Вы находитесь на странице: 1из 9

Predictive Modeling on Probability of Default – Logit Model Using

Microsoft Excel and VBA


Kevin Lan from QuantMinds.NET

2009.5
Table of Contents

Predictive Modeling on Probability of Default – Logit Model Using Microsoft Excel and VBA...1
Predictive Modeling on Probability of Default – Logit Model Using Microsoft Excel and VBA...3
Abstract................................................................................................................................................3
1. Introduction......................................................................................................................................3
2. General Discussion on Key Factors in the Analysis of Obligor’s Risk Assessment.......................3
3. Data..................................................................................................................................................4
4. The Model........................................................................................................................................5
5. Visual Basic Application (VBA) for Estimation on Logistic Regression.......................................6
6. Results..............................................................................................................................................6
Appendix:.............................................................................................................................................6
Reference:............................................................................................................................................9
Predictive Modeling on Probability of Default – Logit Model Using Microsoft Excel and VBA

Kevin Lan

Abstract

Logistic regression is often used to estimate the probability of default in commercial loans against
different types of borrowers (obligor’s PD model). Microsoft Excel is probably the most popular used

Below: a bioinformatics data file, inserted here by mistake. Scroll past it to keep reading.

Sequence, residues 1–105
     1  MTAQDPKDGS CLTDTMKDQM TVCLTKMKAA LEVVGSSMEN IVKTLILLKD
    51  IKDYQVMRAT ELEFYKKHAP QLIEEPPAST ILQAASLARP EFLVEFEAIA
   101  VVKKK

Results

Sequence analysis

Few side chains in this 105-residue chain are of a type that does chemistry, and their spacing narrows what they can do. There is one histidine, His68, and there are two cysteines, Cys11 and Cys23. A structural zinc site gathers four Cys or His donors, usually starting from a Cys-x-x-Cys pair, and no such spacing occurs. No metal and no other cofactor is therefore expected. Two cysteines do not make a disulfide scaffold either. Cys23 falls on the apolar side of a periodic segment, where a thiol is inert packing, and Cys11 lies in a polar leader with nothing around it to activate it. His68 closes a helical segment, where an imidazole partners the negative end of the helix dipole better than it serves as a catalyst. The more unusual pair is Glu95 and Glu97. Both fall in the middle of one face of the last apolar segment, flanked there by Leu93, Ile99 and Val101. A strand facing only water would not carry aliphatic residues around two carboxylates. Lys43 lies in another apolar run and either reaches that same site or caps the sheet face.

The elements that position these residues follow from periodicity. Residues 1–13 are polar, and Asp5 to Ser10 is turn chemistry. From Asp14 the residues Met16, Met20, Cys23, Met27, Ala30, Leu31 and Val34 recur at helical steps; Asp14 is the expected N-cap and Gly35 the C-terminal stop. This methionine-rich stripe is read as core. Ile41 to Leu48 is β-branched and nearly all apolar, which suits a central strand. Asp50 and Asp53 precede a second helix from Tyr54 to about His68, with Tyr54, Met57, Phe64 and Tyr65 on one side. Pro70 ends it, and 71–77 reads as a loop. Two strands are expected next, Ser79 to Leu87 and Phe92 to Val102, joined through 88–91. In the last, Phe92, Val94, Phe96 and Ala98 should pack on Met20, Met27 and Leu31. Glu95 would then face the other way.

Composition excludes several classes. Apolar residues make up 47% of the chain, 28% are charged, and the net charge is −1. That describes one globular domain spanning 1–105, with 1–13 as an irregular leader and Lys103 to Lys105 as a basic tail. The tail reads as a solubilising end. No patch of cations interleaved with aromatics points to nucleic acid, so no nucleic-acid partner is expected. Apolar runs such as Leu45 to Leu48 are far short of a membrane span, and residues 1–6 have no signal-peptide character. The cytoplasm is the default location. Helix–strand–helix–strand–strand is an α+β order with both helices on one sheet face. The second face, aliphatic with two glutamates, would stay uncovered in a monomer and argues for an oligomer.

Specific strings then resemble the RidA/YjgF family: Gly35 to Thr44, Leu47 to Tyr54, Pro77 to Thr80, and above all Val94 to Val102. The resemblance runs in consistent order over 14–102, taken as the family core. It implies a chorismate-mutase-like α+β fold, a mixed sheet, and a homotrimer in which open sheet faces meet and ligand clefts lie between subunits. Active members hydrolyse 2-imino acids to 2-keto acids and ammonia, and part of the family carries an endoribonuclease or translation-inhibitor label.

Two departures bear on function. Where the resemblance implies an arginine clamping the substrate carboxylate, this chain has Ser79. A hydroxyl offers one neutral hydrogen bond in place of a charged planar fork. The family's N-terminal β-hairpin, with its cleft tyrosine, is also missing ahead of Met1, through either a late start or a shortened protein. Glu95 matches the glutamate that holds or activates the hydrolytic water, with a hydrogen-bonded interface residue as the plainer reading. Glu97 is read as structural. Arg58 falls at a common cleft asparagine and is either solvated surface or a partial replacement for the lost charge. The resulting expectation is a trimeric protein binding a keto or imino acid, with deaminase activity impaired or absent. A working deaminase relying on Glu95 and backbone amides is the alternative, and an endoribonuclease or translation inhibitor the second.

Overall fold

software in daily banking business work. However, the logistic regression model function is not
captured by Excel. In this case study, I developed a Visual Basic Application (VBA) add-in in Excel
macro environment to regress the linear logistic function with algorithms that capture the maximum
likelihood procedure to predict probabilities of default in commercial lending. Using the dataset with
five financial ratios that capture the widely known Z-score model developed by Altman (1968), the
general drivers in terms of credit risk as well as the model estimation procedure was discussed. The
developed VBA application can be expanded into retail banking (i.e., credit card, auto loan & home
mortgages) and SME lending practices in small or medium commercial banking environment.

Key words: Excel, VBA, Logistic Regression, Risk Management

1. Introduction
Credit risk refers to a financial or credit institution’s risk of a borrower’s payment default on payment of
interest and principal due to the borrower’s unwillingness or inability to service the debt. The higher the
credit risk an institution is exposed to, the greater the losses may be. For banks and most other credit
institutions, credit risk is considered to be the form of risk that can most significantly diminish earnings
and financial strength.

Logistic regression is often recommended to predict probability of default. In statistics, logistic


regression is used for prediction of the probability of occurrence of an event by fitting data to a logistic
curve. Logistic regression is appropriate in cases where the dependent variable is binary, which fits the
loan default data very well (obligor’s PD model). Microsoft Excel is probably the most popular software
used in daily business statistical work. However, the logistic regression model function is not captured